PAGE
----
AAD Mobility Demonstration showcases mean machines

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Mean machines driven by rough riders is one way of describing the Africa Aerospace and Defence (AAD) 2012 Mobility Demonstration, where vehicles in use by, or developed in, South Africa were put through their paces.

The track included steep inclines; tight turns; suspension-jarring tests and a water obstacle, which could be described as a mud-bath, all aimed at testing or showing off the capabilities of these tough vehicles.

First out was the joint South African-Saudi Arabian Nyoka Mark II, known in Saudi Arabia as the Masmak. Adel Al-Mejhem, a spokesman for the Streit Group, which is responsible for armouring the South African-built vehicle, said despite what locals consider high crime, South Africa is “a safe country”. Streit armours vehicles for Afghanistan, Iraq and, more recently, Yemen, among others.

BAE systems unleashed the RG 31 Nyala, RG32 Scout (or Galten in Swedish use) and RG 35 Mine Resistant Ambush Protected vehicles (MRAPs). The RG 31 had some trouble overcoming a step, but gamely tried a few times until it had bested the obstacle. The larger Scout and RG 35 had no problem with the step or water obstacle, merely muddying the waters further.
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The Iklwa (Zulu for stabbing spear) which is an upgraded Ratel without its usual front-mounted turret, introduced the recently-revealed BAE Systems 30 mm Tactical Remote Turret (TRT) which carried a Russian 2A42 cannon. The TRT has the advantage of being remotely controlled from inside the vehicle.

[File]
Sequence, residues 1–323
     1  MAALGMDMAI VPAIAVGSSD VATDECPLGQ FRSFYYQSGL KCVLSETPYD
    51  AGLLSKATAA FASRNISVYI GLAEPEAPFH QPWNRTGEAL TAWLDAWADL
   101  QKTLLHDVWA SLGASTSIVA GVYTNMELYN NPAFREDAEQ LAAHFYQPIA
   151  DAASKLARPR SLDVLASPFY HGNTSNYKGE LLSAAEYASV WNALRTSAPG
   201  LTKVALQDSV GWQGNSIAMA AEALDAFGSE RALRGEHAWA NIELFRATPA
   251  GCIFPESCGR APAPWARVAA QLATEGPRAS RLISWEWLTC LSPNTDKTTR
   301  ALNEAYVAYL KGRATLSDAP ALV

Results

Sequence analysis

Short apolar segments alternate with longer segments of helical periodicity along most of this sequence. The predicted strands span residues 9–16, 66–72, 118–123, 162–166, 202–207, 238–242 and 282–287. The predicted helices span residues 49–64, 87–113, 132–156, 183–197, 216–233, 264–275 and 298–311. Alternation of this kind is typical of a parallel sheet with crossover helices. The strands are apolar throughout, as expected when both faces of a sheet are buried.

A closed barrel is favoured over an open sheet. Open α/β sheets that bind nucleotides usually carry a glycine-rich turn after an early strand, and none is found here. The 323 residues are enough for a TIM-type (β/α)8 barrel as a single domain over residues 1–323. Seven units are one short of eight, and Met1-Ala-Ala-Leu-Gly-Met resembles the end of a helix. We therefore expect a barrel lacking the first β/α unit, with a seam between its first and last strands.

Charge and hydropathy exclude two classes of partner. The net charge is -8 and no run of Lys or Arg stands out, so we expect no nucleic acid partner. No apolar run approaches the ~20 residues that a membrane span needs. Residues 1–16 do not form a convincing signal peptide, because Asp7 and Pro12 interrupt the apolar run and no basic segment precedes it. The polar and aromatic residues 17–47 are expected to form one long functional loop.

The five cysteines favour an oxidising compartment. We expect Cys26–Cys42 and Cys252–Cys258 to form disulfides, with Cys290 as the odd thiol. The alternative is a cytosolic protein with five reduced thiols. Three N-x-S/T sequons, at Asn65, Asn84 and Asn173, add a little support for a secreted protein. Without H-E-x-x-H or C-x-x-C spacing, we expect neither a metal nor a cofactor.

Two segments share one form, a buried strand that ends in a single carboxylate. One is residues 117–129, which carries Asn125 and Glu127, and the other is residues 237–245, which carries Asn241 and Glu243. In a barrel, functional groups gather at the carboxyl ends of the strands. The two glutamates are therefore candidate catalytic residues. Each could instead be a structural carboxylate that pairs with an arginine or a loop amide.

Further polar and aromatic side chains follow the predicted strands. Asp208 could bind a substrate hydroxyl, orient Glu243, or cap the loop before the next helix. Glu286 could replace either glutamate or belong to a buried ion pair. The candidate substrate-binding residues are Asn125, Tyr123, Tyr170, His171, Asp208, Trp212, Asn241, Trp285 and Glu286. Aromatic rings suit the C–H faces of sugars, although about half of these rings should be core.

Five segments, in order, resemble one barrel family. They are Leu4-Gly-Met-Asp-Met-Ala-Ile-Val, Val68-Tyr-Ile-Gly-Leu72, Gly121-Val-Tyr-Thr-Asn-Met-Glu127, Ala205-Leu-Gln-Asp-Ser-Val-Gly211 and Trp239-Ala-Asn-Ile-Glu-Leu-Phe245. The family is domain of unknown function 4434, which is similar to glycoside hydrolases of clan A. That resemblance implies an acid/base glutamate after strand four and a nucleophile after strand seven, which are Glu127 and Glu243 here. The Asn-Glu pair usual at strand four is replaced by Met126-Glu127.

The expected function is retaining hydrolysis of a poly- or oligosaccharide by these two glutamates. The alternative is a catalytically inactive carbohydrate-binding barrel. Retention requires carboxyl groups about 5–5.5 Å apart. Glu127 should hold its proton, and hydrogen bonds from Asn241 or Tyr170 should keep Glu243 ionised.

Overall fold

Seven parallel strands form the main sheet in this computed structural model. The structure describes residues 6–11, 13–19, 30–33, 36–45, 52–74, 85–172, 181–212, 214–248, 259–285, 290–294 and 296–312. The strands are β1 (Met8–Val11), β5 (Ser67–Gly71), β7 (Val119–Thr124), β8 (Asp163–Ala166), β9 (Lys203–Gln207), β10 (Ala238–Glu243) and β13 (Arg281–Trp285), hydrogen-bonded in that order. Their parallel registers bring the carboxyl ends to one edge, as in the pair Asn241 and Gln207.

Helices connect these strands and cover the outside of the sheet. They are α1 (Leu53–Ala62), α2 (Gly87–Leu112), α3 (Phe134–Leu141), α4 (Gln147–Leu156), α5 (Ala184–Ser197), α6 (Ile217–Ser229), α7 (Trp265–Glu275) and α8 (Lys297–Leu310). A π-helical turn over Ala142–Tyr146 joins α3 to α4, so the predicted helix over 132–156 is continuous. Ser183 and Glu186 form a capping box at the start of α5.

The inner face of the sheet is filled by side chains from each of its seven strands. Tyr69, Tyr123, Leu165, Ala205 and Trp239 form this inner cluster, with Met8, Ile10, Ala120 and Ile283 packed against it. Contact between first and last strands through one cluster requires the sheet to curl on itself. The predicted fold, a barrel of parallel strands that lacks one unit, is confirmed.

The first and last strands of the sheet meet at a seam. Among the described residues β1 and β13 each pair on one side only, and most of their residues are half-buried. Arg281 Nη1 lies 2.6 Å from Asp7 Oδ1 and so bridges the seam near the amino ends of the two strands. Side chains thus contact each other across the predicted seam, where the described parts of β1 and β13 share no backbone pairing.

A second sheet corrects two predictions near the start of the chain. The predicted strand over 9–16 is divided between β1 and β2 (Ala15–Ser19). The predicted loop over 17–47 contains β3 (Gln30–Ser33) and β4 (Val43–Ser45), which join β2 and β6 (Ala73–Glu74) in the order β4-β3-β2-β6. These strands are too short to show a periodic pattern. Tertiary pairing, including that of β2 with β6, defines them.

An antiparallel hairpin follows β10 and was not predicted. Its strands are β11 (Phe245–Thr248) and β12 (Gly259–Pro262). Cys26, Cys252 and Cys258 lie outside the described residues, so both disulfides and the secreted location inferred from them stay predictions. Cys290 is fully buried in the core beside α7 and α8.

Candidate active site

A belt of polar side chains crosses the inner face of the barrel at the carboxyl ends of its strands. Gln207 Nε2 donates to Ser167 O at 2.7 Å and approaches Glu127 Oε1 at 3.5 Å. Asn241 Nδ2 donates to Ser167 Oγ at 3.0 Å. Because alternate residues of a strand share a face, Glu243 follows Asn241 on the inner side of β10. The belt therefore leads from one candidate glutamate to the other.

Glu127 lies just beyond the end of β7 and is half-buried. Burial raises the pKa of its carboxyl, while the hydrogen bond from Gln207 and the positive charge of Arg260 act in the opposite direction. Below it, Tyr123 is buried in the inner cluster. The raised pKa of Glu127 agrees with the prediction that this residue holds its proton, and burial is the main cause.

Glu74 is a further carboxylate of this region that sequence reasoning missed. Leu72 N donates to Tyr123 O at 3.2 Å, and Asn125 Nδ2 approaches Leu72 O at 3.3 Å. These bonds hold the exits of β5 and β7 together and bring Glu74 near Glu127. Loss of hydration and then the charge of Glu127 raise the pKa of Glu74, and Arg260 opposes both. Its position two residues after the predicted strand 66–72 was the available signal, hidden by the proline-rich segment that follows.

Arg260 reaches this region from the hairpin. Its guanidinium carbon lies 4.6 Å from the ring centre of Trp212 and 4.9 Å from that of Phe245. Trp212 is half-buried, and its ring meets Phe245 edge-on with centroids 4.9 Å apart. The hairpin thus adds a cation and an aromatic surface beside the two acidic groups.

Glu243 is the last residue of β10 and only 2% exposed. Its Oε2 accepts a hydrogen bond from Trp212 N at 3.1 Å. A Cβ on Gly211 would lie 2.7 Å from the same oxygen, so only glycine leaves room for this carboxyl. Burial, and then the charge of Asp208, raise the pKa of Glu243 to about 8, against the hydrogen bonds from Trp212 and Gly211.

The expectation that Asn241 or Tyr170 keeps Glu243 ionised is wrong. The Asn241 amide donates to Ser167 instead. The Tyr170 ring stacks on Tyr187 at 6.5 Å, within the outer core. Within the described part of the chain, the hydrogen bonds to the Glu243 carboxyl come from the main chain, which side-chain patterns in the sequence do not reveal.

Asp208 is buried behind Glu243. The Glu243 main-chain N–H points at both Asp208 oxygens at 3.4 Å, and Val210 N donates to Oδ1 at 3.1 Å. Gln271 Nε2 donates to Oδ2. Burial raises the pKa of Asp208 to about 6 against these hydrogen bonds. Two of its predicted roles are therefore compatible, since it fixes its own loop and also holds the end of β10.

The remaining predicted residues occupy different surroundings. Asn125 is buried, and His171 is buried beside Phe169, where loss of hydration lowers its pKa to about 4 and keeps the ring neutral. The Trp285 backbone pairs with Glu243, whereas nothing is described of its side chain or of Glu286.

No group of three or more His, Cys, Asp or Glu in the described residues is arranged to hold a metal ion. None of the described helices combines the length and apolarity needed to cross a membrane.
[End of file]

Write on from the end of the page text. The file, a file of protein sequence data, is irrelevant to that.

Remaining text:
The DCD Protected Mobility Mountain Lion lived up to its tough name and in addition had FWS (Four Wheel Steering) capability, which it showed off to effect.

The replacement for the ageing Ratel Infantry Fighting Vehicle (IFV), the Badger, was put through its paces and showed no difficulty in tackling the course, as did the Rooikat reconnaissance armoured car, whose driver delighted in showering photographers with dirt, but was rewarded by himself being showered with mud!

An interesting addition was the Hybrid Electric Drive vehicle, a Rooikat with a non-standard power plant, but which seemed powerful enough. Defence forces elsewhere are also investigating alternative power, for instance the US Naval Aviation experimenting with biomass as an alternative to fossil fuel.

The pièce de résistance of the demonstration was without doubt the Olifant Mark 1b tank, which clanked and roared around the track as if seeking whom it might devour. The peaceful pachyderm after which it is named seemed far from the place.



No doubt, many a potential customer for armoured vehicles was as impressed as defenceWeb was.
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